The number of professionals seeking bespoke banking services is expected to grow in the Middle East this year, says a senior Barclays banker.
Banks seek avenues into services for wealthy
The number of professionals seeking bespoke banking services is expected to grow in the Middle East this year, says a senior Barclays banker. Mark Elliot, a regional director of sales at Barclays, said growth in this segment in the Middle East was 8 per cent last year, the second-fastest growth rate in the world after Asia.
"What's terribly important from Barclays's perspective is developing our offerings in the mass-affluent segment so that we can participate in that fast-growing segment of the market." Definitions of the "mass affluent" label vary, with Barclays classifying the segment as anyone with more than US$9,000 (Dh35,000) worth of savings available to invest, although some consultants apply the term to customers with more than $1 million available.
Mr Elliot's outlook was supported at the MEED Middle East Retail Banking Conference in Abu Dhabi yesterday by other delegates who said they were devising ways to chase this lucrative market. Philip King, the head of retail banking at International Bank of Qatar, said: "If you don't do [wealth-management banking] in the right way, people like HSBC and Barclays Bank that have been in it for years are going to severely hurt your ability to succeed there."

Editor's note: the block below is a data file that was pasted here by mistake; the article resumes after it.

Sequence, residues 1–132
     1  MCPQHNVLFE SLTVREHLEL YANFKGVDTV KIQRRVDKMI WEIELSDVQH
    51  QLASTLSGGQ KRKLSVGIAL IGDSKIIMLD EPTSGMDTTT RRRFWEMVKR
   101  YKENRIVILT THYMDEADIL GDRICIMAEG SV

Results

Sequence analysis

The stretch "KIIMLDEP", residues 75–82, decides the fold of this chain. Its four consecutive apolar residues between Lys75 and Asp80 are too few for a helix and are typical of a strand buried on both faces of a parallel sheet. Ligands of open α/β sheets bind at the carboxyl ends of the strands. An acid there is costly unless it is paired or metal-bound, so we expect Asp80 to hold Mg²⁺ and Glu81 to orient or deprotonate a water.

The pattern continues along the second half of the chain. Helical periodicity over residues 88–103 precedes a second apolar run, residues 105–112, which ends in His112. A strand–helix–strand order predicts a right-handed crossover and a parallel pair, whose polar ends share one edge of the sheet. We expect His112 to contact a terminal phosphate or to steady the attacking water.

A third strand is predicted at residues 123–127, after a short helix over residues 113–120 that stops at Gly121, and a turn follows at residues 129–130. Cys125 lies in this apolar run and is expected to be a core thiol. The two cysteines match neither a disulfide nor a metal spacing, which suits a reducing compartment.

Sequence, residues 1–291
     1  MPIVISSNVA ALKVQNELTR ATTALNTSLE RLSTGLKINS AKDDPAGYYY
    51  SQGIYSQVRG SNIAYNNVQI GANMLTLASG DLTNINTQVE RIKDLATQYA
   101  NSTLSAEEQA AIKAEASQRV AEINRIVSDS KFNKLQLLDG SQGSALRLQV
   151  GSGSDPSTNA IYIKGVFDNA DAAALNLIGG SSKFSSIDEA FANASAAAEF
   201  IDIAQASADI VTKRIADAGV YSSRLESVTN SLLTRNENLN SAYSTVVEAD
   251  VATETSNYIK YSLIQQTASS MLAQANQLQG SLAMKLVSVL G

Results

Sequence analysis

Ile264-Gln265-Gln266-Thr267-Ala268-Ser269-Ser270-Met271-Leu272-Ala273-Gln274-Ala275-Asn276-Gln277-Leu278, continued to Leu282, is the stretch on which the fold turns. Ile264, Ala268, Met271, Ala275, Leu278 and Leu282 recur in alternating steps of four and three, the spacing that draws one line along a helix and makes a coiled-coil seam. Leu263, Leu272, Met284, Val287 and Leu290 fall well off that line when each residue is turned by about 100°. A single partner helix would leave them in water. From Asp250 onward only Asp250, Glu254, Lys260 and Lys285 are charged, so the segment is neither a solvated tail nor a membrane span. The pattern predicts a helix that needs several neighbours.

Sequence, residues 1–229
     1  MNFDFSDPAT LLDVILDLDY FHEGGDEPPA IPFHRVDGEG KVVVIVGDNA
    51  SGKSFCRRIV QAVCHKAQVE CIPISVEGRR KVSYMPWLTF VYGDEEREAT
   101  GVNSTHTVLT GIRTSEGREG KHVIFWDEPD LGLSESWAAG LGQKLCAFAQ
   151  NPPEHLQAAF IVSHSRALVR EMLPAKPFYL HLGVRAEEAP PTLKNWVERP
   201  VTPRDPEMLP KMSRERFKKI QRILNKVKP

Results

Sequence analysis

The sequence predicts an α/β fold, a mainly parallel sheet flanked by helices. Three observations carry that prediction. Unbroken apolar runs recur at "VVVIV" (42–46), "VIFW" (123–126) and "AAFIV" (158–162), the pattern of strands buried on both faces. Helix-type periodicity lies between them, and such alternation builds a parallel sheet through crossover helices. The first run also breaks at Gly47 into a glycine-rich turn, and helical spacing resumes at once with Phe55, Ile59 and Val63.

Consultants said the recession had offered local banks a rare opportunity to break into this market. Sven-Olaf Vathje, the managing director of the Boston Consulting Group in Abu Dhabi, sees opportunities in the present difficult climate. "Many high-net-worth individuals from the Gulf region have not been satisfied with the performance of their wealth managers during the financial crisis," Mr Vathje said."They expected that their wealth managers - mostly from the traditional European locations - would protect their portfolios from market losses.
"While the traditional wealth managers have typically not lost mandates during the crisis, many of them have seen the inflow of fresh money dry up. Winners from the crisis are boutique wealth managers, as well as providers of alternative investment services and products. "Overseas banks still dominate the classical wealth management space. Given the long-term track record that many Swiss or British banks have in the field of wealth management, any shifts in market share will only happen in the longer run," Mr Vathje said.